For decades, the iconic Manhattan Casino was a cultural landmark in the African-American community of St. Petersburg known as The Deuces. The 15,000-square-foot venue at 642 22nd St. S. closed in the late ’60s and reopened with soul food joint Sylvia’s from 2011 to 2016, but is now experiencing a resurgence with two ground-floor restaurants, Callaloo and Pipo’s Cafe, which are in soft-opening mode.
Leading the culinary duo at the city-owned Manhattan Casino is the Callaloo Group — made up of president Ramon Hernandez, vice president Vincent Jackson, director of development Mario Farias, and executive chef Gary Moran. The partners banded together when Farias approached Hernandez and Jackson about launching an eatery in early 2017.
“Ramon is well-established in the community with Pipo’s and was looking at expansion for a couple years. I was looking at this building for another retail project and redeveloping the area,” Jackson said. “Mario reached out to me and Ramon, seeing if he [could] put a team together for a concept mixing my community engagement and development desires with their food and beverage services.”
By this time, Farias and Moran, the chef who opened South Tampa’s late Wimauma in 2011, had known each other for six years when the idea for the new restaurant project surfaced. With an extensive knowledge of multiple cuisines, Moran oversees both Pipo’s and Callaloo, where he’s set to implement fresh techniques in the kitchen.
“His cuisine is broad, so it’s not just Southern,” Hernandez said. “We’re doing caterings upstairs, so if we get requests for other foods like Chinese or Italian food, we can make it for them.”
The Callaloo Group submitted their Manhattan Casino proposal to the city of St. Pete last year in late June. After learning their concept beat out two other bids in August, the partners hit the ground running on development. Callaloo plans to celebrate with a huge grand opening next month, during which the restaurant’s first brunch dishes will roll out.
While Callaloo features sit-down lunch and dinner, to-go orders are the focus of Pipo’s. The full-service bar downstairs — dubbed Blue Note — also pours specialty cocktails, beer and wine.
What else do diners need to know before chowing down?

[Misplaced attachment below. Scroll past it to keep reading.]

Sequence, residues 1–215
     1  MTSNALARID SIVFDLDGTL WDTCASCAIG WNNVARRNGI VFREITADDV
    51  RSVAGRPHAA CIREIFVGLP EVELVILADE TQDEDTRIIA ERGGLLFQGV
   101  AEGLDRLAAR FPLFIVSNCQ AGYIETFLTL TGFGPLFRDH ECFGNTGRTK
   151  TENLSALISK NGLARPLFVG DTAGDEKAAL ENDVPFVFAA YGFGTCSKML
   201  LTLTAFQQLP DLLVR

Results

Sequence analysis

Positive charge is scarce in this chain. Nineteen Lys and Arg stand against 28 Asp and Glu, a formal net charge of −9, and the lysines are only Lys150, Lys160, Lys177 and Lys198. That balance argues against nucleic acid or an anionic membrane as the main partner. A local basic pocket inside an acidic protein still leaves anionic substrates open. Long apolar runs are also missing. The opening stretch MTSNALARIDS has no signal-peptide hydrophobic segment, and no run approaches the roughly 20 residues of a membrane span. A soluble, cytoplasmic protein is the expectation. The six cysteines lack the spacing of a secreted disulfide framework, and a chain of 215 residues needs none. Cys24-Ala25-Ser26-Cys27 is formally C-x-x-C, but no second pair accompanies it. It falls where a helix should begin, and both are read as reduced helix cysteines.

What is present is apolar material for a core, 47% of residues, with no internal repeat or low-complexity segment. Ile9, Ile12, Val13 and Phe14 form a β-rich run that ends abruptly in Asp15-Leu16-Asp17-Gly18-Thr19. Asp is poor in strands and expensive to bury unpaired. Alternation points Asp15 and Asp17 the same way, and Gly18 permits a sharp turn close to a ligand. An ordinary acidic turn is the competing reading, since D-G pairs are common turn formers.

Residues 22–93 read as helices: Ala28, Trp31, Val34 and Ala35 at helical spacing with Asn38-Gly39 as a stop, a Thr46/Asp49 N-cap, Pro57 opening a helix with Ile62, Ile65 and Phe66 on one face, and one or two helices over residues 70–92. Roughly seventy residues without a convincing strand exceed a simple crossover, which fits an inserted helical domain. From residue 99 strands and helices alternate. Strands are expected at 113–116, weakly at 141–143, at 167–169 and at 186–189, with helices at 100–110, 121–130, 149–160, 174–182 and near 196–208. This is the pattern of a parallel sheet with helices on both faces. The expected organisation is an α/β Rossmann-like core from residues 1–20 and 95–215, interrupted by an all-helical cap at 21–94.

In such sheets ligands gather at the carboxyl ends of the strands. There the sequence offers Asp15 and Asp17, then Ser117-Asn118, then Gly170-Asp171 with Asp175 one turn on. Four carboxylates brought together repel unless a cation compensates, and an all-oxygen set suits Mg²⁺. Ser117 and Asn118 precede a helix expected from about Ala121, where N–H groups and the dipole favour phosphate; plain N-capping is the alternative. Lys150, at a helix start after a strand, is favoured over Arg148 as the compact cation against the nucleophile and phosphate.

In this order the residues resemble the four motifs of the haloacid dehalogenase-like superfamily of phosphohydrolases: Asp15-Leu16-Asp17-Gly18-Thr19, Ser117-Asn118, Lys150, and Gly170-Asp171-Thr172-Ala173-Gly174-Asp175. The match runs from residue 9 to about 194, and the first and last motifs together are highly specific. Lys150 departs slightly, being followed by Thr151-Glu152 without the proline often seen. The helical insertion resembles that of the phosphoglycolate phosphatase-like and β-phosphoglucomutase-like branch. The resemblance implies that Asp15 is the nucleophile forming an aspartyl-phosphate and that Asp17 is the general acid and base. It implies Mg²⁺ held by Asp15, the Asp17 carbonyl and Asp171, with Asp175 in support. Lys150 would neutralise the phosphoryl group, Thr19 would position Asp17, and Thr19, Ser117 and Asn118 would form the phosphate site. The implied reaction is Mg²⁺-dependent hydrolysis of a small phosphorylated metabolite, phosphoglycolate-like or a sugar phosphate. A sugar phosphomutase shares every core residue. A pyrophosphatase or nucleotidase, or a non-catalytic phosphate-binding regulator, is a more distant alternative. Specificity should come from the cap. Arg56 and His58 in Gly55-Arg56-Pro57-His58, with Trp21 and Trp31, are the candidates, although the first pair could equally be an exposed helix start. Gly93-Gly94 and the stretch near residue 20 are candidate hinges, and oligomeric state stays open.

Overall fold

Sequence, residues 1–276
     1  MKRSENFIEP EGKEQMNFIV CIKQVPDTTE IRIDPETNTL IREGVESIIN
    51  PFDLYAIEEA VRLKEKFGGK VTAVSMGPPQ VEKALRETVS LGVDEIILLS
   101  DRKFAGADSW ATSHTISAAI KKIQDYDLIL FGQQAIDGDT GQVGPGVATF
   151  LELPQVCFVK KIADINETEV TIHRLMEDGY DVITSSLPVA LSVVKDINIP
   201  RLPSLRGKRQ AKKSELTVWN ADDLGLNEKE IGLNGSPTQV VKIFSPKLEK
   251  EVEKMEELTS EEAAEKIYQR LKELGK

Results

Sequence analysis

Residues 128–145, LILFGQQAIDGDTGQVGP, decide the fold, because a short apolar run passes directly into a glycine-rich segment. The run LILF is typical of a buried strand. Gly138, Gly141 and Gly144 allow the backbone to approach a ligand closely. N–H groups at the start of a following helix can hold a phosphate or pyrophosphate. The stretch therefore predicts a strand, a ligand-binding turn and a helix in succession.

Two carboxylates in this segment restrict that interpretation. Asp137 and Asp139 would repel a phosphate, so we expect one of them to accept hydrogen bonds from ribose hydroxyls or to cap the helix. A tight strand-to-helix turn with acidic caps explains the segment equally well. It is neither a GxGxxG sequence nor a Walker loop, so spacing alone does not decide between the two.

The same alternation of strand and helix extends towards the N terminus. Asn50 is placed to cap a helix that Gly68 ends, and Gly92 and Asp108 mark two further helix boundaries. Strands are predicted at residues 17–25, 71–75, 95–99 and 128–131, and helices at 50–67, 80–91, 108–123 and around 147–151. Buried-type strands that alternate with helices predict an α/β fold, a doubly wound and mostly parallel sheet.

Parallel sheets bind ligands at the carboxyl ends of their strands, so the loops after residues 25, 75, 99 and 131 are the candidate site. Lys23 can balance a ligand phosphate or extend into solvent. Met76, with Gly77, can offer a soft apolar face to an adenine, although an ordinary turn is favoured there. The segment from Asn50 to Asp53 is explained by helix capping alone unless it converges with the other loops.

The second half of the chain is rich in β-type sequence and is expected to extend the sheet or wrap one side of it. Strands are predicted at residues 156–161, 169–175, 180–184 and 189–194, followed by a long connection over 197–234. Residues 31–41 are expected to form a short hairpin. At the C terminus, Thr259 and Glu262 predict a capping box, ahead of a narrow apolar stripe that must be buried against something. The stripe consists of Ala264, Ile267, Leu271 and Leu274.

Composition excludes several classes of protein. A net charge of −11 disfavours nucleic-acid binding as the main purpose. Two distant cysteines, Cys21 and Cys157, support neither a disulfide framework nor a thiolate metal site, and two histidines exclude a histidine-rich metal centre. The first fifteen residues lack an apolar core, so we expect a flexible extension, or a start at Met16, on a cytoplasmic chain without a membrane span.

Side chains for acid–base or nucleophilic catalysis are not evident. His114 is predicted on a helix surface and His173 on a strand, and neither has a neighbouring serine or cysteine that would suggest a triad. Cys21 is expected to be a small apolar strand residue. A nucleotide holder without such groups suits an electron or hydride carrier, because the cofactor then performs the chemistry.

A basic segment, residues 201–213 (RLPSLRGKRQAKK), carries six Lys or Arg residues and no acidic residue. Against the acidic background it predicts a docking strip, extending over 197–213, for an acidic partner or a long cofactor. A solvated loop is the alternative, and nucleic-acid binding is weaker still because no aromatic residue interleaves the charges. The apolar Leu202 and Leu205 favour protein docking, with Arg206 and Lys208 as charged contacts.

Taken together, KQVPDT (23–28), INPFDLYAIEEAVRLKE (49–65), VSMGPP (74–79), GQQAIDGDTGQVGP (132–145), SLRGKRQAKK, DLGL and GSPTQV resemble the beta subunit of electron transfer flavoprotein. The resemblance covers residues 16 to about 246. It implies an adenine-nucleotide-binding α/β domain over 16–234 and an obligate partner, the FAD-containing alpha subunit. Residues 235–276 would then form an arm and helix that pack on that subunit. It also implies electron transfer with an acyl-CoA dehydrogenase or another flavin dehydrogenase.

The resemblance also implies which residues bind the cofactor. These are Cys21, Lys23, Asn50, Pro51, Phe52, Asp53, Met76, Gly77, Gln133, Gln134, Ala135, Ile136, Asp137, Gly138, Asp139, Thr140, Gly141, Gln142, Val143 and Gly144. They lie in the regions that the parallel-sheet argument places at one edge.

1) Here, history and community are key.
As the Callaloo Group puts it, the Manhattan Casino is a great fit for them. The partners intend to host a regular bill of live music and special events, paying homage to the landmark where legendary musicians like Louis Armstrong and Ella Fitzgerald performed.
“This building represents history. It created jobs for the locals and serves various civic events all the way down to schools,” Jackson said. “We knew we wanted to build a concept to serve this community, but could also be a beacon of what it stands for.”
The venue’s artwork, curated by Gallerie 909 owner Carla Bristol, was sourced from local artists. Bristol is hanging historical pieces of art in the stairway leading up to the upstairs event hall, too.
2) Though Callaloo shares a dining room with Pipo’s, the restaurant has its own identity.
Callaloo, the restaurant, is named for callaloo, the dish of wild greens found in the Caribbean. Though each island puts its own twist on the food staple, patrons needn’t worry — callaloo is found all over chef Moran’s menu, including as an accompaniment to entrees like country-style steak and fried catfish.
“We knew the name was important to the community to pay homage to the Southern fare,” according to Jackson.
Hernandez added: “Callaloo came from Africa through the slaves. Every island has a callaloo dish, but they could use other greens like spinach, kale or turnips, depending on what grows there.”
The 7,000-square-foot Callaloo marries traditional Southern cuisine with Caribbean eats such as crab and callaloo stew. The partners refer to their fusion as Floribbean, meaning the food stays true to its Florida roots with the addition of some island flavor.
3) Pipo’s is the same cafe, yet on a smaller scale. Well, sort of.
Weighing in at 300 square feet, this latest Pipo’s retains the longtime lineup of Cuban classics offered at the two other locations. However, there are a couple of differences: a takeout-driven approach and more vegan options.
“It’s going to be more choices,” Hernandez said. “We’ve been experimenting with things like quinoa and picadillos with onions and olives. We’re leaning towards the newer generation.
“Keep the same traditional family flavors but give it a twist.”
4) Yes, they do catering.
Hernandez and front-of-house management are in charge of any off-site catering requests that come in. Catering orders for the Manhattan Casino’s event hall, meanwhile, are left to event coordinator Deborah Figgs-Sanders.
An online calendar expedites the process by showing prospective bookers what dates are open.
“For anything upstairs, we have a list of fees and charges for the space depending on what time, what day and what kind of event. There’s a range affordable for everyone. We encourage using the catering we offer, but you can bring outside caterers as well,” said Hernandez.
5) You can make a weekend out of the duo’s formal debut.
Starting at 3 p.m. April 6, Mayor Rick Kriseman kicks off the grand opening festivities with a ribbon-cutting ceremony. A mix of live tunes from local musicians follows on April 7, and the inaugural brunch service is scheduled for April 8.
Callaloo operates 11 a.m. to 9 p.m. Monday through Thursday, 11 a.m. to 10 p.m. Friday and Saturday (the bar closes at midnight), and 11 a.m. to 4 p.m. Sunday.
Pipo’s is open 9 a.m. to 4 p.m. Monday through Saturday. And remember, it’s strictly to-go.